Russell P. Spittler, “A Pentecostal Response to the Lutheran View,” in Christian Spirituality: Five Views, ed. Donald L. Alexander (Downers Grove, IL: IVP Academic, 1988), 43.
So back during my freshman year when we were getting ready for my grandmother’s funeral, the minister from my grandparents’ church told me that when he’s asked to do a Christian’s funeral, the first thing he asks the family is if he can have access to the deceased’s Bible. He talked about how you can tell a lot about a person by looking at their Bible. The wearing of the pages in certain areas shows you what sections of the text they gravitated towards, marked pages show important passages, and notes are like snapshots in time for the person. A lot of people (my grandmother included) keep little important things between the pages of their Bibles. In retrospect I think it was a really good piece of pastoral advice and I encourage folks going into pastoral ministry to tuck it away in the back of their heads.
But that is not exactly what I’ve been thinking about today.
I’m a seminary student who also did biblical studies for my undergrad; I have a lot of different Bibles around my apartment. Depending on which Bible a minister picked up to “get inside my head” for my funeral, they’d get a different picture of me.
For instance, if someone picked up the NKJV I used during high school, the only worn pages are the ones with Gustave Doré prints on them. I wasn’t real into my Bible in high school, but I was REALLY into Gustave Doré (and still am).
If you picked up the ESV that I bought my freshman year of college, you’d find a weird mish-mash of Pop Calvinism and anti-Pop Calvinism written in the margins. I used that Bible during the six months that I considered myself a “Calvinist” (which honestly just meant I had a pseudo-Calvinistic soteriology and didn’t believe in free will) as well as for the year and a half I spent getting my feet wet with the New Perspective on Paul. Interestingly enough I also used that Bible when I started studying biblical languages so you’d find words and even sentences scratched out with my own translations in the margin. It was also during that time that I picked up the habit of scratching out every use of “James” in the New Testament and replacing them with “Jacob.”
Next, if you picked up my NRSV with Apocrypha, which has been my work-horse Bible for school during the last four years, you’d find a lot of text criticism stuff. I don’t retranslate as much (because I generally agree with the NRSV translation), you can definitely find where I really got into redaction criticism. I have a lot of class notes on those pages.
Finally, if you pick up the Bible I use for “personal reading” (which is also an NRSV) you won’t find a ton of notes. I don’t write in it as much as I read it. In the Psalms you find where I marked the Psalms for Lauds before I got my Shorter Christian Prayer last week.
All-in-all, I have weird things in my Bibles. If I die soon, tell the minister at my funeral to check ALL of them.
The cry “let us know him” must have come as a shock to the Levite, who had bypassed Jebus in order to come “home” to Israelite Gibeah. Instead, he now realizes, he has come to Sodom. “Know”? The term suggests carnal knowledge. The word “sodomy” has come to mean homosexuality because the men of Sodom want to “know” their visitors. But there is really no homosexuality or any other kind of sexuality either in the Sodom story or here. Rape is not a sexual act. It is an act of hostility and aggression, not sexual interest. “Let us know him” may indeed mean carnal knowledge, but the proposed rape of the traveler is like the rape of newcomers in jail. The purpose of such a rape is neither enjoyment nor love; it is the assertion of dominance and the dishonoring of the man man forced to submit.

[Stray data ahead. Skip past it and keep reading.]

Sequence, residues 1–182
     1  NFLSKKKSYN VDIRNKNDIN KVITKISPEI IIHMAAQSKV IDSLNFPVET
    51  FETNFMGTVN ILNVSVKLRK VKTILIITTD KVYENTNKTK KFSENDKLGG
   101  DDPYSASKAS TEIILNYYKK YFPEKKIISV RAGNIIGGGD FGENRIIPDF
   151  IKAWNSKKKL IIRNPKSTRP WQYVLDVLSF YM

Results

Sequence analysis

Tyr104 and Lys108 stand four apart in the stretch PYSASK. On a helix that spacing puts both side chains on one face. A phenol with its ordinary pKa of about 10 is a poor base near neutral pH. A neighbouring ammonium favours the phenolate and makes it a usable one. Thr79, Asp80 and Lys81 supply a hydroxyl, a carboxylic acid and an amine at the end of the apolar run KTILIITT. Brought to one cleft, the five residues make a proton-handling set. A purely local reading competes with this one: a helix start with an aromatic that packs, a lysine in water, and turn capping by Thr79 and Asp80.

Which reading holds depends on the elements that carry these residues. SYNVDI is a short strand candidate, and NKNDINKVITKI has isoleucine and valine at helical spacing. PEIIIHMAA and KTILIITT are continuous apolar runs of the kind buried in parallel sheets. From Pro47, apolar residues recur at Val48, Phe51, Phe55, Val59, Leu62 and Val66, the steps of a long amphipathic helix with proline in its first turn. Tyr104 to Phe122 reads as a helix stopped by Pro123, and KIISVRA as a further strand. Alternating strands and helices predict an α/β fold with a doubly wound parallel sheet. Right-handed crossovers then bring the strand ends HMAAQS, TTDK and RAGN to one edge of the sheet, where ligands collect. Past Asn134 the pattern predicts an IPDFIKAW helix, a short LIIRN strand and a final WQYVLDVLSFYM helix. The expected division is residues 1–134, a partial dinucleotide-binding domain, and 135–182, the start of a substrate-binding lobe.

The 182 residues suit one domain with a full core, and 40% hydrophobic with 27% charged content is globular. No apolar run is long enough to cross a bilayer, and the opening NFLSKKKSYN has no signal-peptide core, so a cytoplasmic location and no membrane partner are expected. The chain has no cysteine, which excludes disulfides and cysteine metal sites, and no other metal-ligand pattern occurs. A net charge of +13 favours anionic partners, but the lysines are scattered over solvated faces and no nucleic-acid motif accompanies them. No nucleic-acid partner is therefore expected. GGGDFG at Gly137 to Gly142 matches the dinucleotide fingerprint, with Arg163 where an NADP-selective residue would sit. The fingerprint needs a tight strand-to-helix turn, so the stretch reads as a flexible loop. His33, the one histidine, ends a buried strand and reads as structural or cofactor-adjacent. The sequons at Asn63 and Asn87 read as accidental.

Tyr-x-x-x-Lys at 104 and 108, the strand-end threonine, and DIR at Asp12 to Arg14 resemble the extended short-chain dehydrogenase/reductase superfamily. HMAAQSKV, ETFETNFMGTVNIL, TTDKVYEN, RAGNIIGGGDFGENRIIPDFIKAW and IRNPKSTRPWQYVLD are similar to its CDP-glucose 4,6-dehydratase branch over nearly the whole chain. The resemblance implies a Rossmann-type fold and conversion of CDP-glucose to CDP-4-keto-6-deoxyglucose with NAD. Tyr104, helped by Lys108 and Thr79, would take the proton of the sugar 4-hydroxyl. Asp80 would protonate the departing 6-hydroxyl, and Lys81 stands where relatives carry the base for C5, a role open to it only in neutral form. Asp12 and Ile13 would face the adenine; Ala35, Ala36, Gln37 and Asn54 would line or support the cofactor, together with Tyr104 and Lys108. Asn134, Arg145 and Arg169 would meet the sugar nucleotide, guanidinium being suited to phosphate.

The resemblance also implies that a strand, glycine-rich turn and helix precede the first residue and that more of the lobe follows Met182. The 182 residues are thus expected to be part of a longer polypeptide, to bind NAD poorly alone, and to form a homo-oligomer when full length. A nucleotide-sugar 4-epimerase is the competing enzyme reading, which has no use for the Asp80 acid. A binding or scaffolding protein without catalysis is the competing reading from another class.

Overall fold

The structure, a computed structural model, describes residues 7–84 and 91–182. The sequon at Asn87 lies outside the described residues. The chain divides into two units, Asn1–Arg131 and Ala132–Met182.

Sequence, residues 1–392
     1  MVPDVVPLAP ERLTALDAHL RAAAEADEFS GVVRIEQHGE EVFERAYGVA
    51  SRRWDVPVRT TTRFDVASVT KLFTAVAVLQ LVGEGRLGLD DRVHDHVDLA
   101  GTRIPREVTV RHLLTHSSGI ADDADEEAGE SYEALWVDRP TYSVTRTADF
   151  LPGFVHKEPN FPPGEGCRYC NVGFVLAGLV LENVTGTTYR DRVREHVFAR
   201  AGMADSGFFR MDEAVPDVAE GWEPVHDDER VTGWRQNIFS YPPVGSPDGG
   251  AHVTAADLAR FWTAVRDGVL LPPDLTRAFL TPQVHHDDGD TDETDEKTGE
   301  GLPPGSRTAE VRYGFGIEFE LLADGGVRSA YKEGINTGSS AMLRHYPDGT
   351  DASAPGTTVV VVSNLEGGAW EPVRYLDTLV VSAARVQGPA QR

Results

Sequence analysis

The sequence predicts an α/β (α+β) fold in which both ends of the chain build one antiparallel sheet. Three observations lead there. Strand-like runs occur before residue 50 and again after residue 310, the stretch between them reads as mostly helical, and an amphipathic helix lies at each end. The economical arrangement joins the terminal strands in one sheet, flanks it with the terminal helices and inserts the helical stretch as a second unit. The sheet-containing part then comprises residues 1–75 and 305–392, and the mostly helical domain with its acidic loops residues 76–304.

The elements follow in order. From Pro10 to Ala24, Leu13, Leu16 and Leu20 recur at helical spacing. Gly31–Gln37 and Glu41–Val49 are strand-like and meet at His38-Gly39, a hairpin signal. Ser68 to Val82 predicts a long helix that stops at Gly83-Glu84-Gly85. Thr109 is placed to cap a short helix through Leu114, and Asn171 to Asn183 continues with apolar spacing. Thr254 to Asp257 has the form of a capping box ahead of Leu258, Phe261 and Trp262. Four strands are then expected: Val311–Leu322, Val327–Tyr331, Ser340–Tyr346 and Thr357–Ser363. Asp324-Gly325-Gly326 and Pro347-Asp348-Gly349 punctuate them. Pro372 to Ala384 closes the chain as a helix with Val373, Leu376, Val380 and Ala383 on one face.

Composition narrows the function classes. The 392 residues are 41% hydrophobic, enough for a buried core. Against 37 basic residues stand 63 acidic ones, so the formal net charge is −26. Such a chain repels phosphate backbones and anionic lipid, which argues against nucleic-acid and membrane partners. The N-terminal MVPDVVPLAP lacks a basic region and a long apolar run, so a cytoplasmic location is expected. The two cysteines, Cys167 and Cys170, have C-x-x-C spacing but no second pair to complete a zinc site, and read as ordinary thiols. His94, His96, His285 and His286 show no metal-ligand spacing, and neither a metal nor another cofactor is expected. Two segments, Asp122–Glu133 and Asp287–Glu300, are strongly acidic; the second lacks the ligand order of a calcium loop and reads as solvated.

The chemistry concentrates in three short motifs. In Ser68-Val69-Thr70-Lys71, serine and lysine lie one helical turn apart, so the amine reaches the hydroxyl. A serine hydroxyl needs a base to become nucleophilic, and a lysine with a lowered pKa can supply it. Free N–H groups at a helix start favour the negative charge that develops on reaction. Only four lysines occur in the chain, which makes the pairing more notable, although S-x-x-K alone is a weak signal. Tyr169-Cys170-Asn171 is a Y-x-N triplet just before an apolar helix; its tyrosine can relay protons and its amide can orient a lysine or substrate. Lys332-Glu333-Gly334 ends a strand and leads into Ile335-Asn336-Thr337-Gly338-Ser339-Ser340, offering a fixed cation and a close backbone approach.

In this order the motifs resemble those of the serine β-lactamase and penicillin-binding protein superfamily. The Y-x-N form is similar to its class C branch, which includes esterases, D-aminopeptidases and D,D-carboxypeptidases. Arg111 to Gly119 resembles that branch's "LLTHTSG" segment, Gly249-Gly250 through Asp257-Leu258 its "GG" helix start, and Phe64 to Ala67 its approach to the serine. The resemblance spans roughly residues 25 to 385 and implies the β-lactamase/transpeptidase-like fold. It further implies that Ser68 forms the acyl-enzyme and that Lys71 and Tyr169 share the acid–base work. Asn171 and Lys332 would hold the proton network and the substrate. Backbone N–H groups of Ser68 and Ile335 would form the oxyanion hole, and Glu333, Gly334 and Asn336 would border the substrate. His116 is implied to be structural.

Sexuality is often tied to power. Rape is violently attached to power, and male rape no less so. Of course, “to know” may not refer to carnal knowledge, and the men may mean that they want to “know what this man is made of.” They may want to assault him, to rough him up without raping him. Whether or not the “knowledge” will be carnal, the purpose of it is to emasculate the traveler, strip him of his pride and his honor, and render him submissive and nonthreatening. The townsmen aren’t interested in the old man’s offer. They have no need to humiliate him or show him who is boss; after all, the text tells us four times, he is old. But when they get their hands on the traveler’s concubine, and “know her” sexually, they will assert their “superiority” over the man, too. Controlling women is a mark of manhood in patriarchal societies; failure to protect others from violating her emasculates the man."
Tikva Frymer-Kensky, Reading the Women of the Bible (New York: Schocken Books, 2002),124.
The above quote is primarily in reference to the narrative of the rape of the Levite’s concubine (or pilegesh "lesser-wife") found in Judges 19:22-26.
As we have pointed out before, the key to David Barton’s success is the fact that his audiences blindly accept everything he says without question, never bothering to actually verify any claim tha
David Barton may be the least credible “historian” in the public sphere today. I cannot believe that people take this guy seriously. Like, you can’t make claims like this if you have had any formal education in Church history. Hell, a person with access to a Google search can disprove this nonsense.
Get in on the fun and learn about some women and men from Church history during Lent!
Wonderful guest post over at Gravity Center by my Church History Professor, Kelly Pigott.
My wonderful Old Testament professor wrote this on her blog a bit back and I wanted to share it with you all!
Enjoy her illustrations.